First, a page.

More seriously, changes accure and happen, but in my opinion they remain peripherical. Actually my journey outside my own culture made actually learn more about myself, and about who I really am. I became more aware of the good things and the bad things about my own culture, because it is very difficult to be critical toward a system if you're inside of it. I mentioned before the language ambiguity in my country, I only became aware of when I lived abroad. On the other, the more time went by in Germany, the more peripherical attributes and ways of thinking from my culture were shut down, so that I met myself. I was in peace. When i came back to my country few months ago, a reverse process was taking place. I was confronted to my culture, but this time I had a critical position. Things that appeared to be natural before, were revealed to me as biaised behaviour. I took my distance to certain types of behaviour, mainly due to mediteranean/arabic culture. I also saw objectively the positive side of it, and things that are worth holding on to.
A very strange thing happend though, few weeks after my arrival, childhood experiences came back to me. Mainly negative ones. I don't know why. I think I'm done now with this remembrance phase...

Unknown said...

From 60 to 75% of what we are comes from genes, 15-20% from chance & relationship, 10% from upbringing says Steven Pinker, Psychologist and Harvard College Professor.
25.000 genes and an undetermined number of memes inside the grey substance create your conscience, which ask : ‘what am I ?’

I think that whatever you live in your life, you have a destiny (that you may feel or not) and except tragedy, you have to go. Genes are stronger than anything else !
Don’t you think ?

Victoria FERAUGE said...

That's a very good point, Med, that when you stepped out of your own culture you were able to take a more objective view of your own. And you see both positive and negative things. Just to be able to do that kind of analysis makes it all worthwhile. I've noticed though that sometimes people in your own culture feel uneasy when you talk about your experiences. They don't want to hear it especially if they feel that you are being critical. That can be very lonely and make the process of re-adapting to home all the more difficult. How long ago did you come back home? How long did it take you to re-adapt to Morocco?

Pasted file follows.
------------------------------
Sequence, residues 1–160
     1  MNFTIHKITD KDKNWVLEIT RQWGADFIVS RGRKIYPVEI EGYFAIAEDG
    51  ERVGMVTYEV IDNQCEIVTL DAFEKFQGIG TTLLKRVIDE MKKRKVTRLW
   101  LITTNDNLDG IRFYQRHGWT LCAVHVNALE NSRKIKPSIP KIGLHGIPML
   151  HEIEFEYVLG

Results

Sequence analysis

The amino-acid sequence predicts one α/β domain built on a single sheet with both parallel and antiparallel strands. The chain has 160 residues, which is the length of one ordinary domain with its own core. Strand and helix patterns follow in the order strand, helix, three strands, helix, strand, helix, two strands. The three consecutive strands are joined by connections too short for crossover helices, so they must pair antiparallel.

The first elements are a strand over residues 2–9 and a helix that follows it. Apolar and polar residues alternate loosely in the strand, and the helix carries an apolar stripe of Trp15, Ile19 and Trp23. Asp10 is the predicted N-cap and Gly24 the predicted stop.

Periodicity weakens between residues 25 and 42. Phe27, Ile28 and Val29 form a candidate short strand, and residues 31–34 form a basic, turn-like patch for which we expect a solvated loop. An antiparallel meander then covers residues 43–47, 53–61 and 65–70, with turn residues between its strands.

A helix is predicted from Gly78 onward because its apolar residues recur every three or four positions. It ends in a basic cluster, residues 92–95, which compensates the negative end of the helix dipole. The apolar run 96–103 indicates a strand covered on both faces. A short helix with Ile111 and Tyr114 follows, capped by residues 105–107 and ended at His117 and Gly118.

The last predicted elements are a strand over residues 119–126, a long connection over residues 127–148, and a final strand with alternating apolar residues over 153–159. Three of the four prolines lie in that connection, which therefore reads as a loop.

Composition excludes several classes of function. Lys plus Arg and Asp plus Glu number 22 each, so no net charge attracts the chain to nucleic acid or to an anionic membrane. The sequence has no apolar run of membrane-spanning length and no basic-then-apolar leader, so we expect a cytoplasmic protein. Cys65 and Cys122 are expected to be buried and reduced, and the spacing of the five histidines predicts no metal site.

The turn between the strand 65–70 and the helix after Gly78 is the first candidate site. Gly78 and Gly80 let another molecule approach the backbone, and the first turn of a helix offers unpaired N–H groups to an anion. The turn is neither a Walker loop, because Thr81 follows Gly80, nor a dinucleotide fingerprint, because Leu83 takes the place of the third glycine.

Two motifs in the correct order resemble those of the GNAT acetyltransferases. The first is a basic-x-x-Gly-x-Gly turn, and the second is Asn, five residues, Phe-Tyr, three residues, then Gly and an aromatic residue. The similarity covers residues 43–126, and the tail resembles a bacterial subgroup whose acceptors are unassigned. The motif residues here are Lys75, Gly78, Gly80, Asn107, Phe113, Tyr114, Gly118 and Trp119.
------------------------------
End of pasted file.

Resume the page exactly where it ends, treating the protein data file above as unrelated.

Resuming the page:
Victoria FERAUGE said...

Pascal, I like the idea of having a destiny. Makes me feel less like a piece of wood floating in the middle of a moving river :-)

Just after I wrote this post I stumbled upon someone I think has done some very interesting work in this field. Professor Andrew Molinsky of Brandeis studies the psychological side of cultural integration. There is a very good article posted on the dialogin site (see "Links We Like")

It's called "Cross-Cultural Code Switching: the psychological challenges of adapting behaviour in foreign cultural interactions." Really interesting read.

We all seemed to wired for culture in the same way we are wired for language. It's so strange that we learn both so effortlessly the first time around and we struggle so mightily later on. There must be more going on than we think. Genes? Yes, that must be part of it.

Unknown said...

I came back home about 6 months ago, and i was preparing myself for this return long time ago. I was aware of the problems that I may encounter, and the main differences between the 2 cultures. I also knew the things that changed in me and the possible conflicts that may appear. When i came back, I decided to be as detached as possible, and not to interat emotionaly with the awkward behaviour or communication that we have here. The difference between now and before, is that I am able to identify what's wrong, if the person in front of me is enough openminded to hear my reserves then I'd make my point. If not, then it is useless to go into some "dialogue de sourds". that's it. I consider myself sometimes like a scientific observer who would watch the society like he would do if he observed a natural phenomenon. It's hard not get emotionaly involved, but it's the way I found so I don't go crazy :)

Victoria FERAUGE said...

I understand what you're saying about going crazy and stepping back, Mehd.

I like to think of myself as an amateur anthropologist (whether it is another culture or my own). If you can strip some of the emotion out of it and take on the role of "observer" it helps to maintain some distance between you and your subject.

I had to laugh at your description of the "dialogue de sourds". I have regretted more than once being trapped in such a discussion. Almost always ends badly...